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Doctor, Urgent Care or ER?
Where should I go?

A common question about health insurance.

The first step to getting the right kind of health care – and the right place to get it – is having a clear picture of your options.

When you or a loved one gets sick or injured, it can be scary. You may not know where to go for help, especially at night or on the weekend.

Making the right decision is important because your experience, not to mention your time, cost and amount of hassle, can be very different based on where you go.

Your Doctor

time and money at the doctor

Urgent Care

time and money at urgent care

Emergency Room

time and money at emergency care


This is important! All health plans are not the same! Your plan may be very different from what we're showing here. Before you buy a plan, be sure to read all the details about your cost sharing responsibilities and talk to an insurance professional to learn more.

1) Doctors & Providers

Your regular doctor or provider is the director or referee of your health care team and the person you should see for most of your medical needs.

Your regular doctor or health care provider is like your "medical home." See them for:

  • care for an illness, injury, pain or health issue
  • a prescription or refill
  • help managing a long-term condition like high blood pressure, diabetes, obesity or asthma
  • preventive care, including checkups, regular health screenings, flu shots and vaccines


Having a relationship with a primary care provider, or PCP, is important for your health. Here's why:

  • They know you and your health, and can give you the best overall care
  • You save time on paperwork and have shorter visits
  • You save money by getting regular care over time to prevent costly health problems and avoid hospitalization


time and money at the doctor

What to Expect:

  • Your typical wait time is 18 minutes1 
  • You'll get about 21 minutes of face-to-face time2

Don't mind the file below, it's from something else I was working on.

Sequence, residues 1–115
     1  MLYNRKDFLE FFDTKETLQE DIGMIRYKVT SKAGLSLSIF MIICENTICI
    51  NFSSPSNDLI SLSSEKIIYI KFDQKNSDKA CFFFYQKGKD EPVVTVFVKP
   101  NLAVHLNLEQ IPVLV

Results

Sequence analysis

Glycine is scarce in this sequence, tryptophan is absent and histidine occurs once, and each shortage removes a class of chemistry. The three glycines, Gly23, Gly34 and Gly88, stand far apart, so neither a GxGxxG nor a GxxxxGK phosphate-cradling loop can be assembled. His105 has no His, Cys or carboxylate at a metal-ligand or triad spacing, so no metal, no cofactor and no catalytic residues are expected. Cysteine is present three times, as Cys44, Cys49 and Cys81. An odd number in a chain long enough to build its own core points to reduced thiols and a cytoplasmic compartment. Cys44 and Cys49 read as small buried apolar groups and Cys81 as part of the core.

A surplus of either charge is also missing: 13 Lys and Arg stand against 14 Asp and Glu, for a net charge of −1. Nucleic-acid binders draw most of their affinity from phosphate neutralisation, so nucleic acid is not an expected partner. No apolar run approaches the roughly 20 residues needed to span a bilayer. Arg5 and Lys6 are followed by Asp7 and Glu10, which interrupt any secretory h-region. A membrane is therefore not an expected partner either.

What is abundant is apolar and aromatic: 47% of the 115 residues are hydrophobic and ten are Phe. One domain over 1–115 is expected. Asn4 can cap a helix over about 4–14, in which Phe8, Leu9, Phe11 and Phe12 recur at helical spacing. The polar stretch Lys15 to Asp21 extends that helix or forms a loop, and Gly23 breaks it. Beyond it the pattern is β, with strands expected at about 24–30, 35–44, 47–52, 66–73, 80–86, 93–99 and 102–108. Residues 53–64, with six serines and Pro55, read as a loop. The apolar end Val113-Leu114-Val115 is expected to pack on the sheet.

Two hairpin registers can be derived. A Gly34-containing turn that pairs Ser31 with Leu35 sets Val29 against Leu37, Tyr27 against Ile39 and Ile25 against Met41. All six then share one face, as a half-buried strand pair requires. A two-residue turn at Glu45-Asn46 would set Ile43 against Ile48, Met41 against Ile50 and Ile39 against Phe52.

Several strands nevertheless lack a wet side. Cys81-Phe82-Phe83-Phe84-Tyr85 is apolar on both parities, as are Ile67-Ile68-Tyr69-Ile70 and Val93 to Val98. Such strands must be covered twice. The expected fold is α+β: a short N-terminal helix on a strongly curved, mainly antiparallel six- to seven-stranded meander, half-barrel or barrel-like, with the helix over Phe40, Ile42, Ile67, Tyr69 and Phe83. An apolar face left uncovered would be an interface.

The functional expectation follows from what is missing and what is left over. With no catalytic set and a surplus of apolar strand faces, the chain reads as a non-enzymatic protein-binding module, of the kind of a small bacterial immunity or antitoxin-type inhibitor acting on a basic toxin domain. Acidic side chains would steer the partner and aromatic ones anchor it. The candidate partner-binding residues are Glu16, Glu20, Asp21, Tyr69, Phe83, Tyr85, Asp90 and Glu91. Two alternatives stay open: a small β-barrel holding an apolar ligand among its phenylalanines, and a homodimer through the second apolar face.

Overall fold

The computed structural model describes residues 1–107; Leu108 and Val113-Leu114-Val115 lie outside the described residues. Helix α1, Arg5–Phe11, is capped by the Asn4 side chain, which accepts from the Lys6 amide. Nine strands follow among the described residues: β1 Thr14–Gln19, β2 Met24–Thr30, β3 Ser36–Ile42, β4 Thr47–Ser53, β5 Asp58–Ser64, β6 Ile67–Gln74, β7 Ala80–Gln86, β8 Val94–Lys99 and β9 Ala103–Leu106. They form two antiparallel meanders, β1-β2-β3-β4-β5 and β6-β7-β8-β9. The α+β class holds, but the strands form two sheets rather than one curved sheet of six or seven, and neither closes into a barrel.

Don't have a doctor or PCP yet?

Here are 5 tips for choosing one. Try our Find a Doctor search tool to research your options.


2) Urgent Care, Convenience Care Centers & Retail Clinics

Choose an urgent care center when you doctor's office is closed or when you need an appointment sooner rather than later.

Urgent Care centers are a good choice when you need a walk-in appointment or care for a sudden, but not-life-threatening, injury or illness.


time and money at urgent care

What to Expect:

  • Your estimated wait time is 40 minutes or less1 (some centers let you set up an appointment and check in online to reduce the wait)
  • North Carolina has more than 240 dedicated Urgent Care Centers
  • Many Urgent Care Centers are open 7 days a week and on weekends and evenings
  • Without insurance, the average cost of an urgent care visit is between $100 and $2002

Find an Urgent Care Center


Important! If you have an issue that threatens your life or health, never wait. Call 911 or go straight to the nearest hospital.


Convenience care centers or retail clinics

These are walk-in clinics with extended hours, where you can get basic care from a nurse practitioner or pharmacist. They can treat common illnesses like sinus infections, colds, flu, allergies, urinary tract infections or sore throats and give preventive vaccinations for the flu, shingles and more.

What to Expect:

  • As the name implies, these clinics are convenient. Some are housed inside retail stores and pharmacies.
  • Because the health problems are minor, a typical visit takes just 15 to 20 minutes. 


NOTE: If you do visit an urgent care or convenience care center, let your doctor know, so your medical records stay up to date.


3) Hospital Emergency Room or ER

Go to the ER if you feel your life is in danger or need major care right away.

Always choose the ER for medical emergencies, including:

  • chest pain
  • severe abdominal pain
  • trouble breathing
  • pain in the arm or jaw
  • coughing or throwing up blood
  • heavy bleeding
  • severe burns or deep wounds
  • head trauma
  • major broken bones
  • seizures or convulsions
  • suddenly not able to speak, see, walk or move
  • suddenly weak or drooping on one side of the face or body

time and money at emergency care

What to Expect:

  • You may wait less than 15 minutes or up to 2 hours to see a doctor, nurse or assistant3
  • The typical visit is 2 hours and 35 minutes in NC4
  • Blue Cross NC claims data shows a typical ER visit is about $19005
  • Most insurance plans don't cover the cost of an ambulance ride to the ER, which can be hundreds of dollars